Does Education Reject New Evidence?

IGNORING THE FACTS: Though it’s no longer the 1800s and schools aren’t exactly like hospitals, one researcher proposes educators can learn a thing or two from the Semmelweis Reflex. The concept refers to people’s tendency to reject new evidence because it goes against established beliefs.

The story in 1846 originates from Ignaz Semmelweis, a doctor at Vienna’s general hospital, who explored why two maternity wards saw such different infant mortality rates. He eventually discovered that doctors at one clinic weren’t washing their hands when moving from helping patients and deliveries to performing autopsies. But Semmelweis was mocked and his claim was met with resistance from the medical community.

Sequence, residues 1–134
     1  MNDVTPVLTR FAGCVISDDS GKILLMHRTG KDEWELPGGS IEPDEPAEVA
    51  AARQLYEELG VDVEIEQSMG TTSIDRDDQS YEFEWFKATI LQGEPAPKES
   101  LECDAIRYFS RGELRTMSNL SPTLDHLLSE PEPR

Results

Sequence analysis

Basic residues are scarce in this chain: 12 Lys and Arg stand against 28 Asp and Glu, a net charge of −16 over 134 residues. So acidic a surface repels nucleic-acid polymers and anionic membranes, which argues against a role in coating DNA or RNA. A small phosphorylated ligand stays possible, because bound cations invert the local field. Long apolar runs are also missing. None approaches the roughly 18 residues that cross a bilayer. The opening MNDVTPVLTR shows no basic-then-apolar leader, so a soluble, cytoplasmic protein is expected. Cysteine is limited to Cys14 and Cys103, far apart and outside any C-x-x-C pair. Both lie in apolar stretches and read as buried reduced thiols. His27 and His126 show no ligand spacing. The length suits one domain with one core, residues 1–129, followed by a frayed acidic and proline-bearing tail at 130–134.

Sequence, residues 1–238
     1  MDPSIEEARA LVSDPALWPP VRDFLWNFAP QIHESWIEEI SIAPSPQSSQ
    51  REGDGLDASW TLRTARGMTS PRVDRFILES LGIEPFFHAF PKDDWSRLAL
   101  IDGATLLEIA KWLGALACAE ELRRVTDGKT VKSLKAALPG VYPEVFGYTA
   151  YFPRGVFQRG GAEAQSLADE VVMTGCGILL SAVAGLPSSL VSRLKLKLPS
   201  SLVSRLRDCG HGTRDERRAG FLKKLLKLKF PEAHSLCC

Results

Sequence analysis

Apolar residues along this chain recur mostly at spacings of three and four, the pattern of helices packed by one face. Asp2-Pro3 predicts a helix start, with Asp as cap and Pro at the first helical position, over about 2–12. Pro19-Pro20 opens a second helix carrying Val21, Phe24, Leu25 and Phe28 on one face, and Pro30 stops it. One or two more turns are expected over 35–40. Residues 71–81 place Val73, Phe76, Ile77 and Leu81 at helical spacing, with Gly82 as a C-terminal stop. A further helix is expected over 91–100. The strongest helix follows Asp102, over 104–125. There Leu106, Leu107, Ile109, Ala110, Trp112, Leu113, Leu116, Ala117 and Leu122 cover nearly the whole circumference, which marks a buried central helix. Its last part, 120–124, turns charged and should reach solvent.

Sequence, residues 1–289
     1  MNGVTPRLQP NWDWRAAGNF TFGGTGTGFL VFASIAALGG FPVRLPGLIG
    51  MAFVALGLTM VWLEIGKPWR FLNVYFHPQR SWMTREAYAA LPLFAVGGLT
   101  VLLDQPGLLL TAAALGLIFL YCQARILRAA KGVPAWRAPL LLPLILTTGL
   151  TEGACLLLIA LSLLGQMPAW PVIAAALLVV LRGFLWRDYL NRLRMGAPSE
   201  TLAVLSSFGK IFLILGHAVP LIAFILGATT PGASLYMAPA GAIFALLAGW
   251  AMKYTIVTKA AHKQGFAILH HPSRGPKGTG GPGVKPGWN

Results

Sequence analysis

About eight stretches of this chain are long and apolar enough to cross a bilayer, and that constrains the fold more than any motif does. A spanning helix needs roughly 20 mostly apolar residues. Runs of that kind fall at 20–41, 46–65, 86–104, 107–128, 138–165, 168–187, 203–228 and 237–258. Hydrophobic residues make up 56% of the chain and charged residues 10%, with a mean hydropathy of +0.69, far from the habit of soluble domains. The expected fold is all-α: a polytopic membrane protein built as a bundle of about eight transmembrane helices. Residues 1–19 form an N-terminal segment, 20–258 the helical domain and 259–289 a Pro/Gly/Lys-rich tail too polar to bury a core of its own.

Carl Hendrick, head of learning and research and Wellington College, believes a similar reaction is happening in education. Despite findings in areas of brain development, teacher trainings and different learning styles, education seems to ignore new evidence in the name of protecting teacher and student autonomy, Hendrick writes.

He cites, for instance, Sarah Jayne-Blakemore’s findings that disorders like depression and eating disorders onset during the teenage years. So should we not take this into consideration as teachers working with children? Learning from other fields is the one of the ways educators can do a better job of embracing new ideas and discoveries, Hendricks says.

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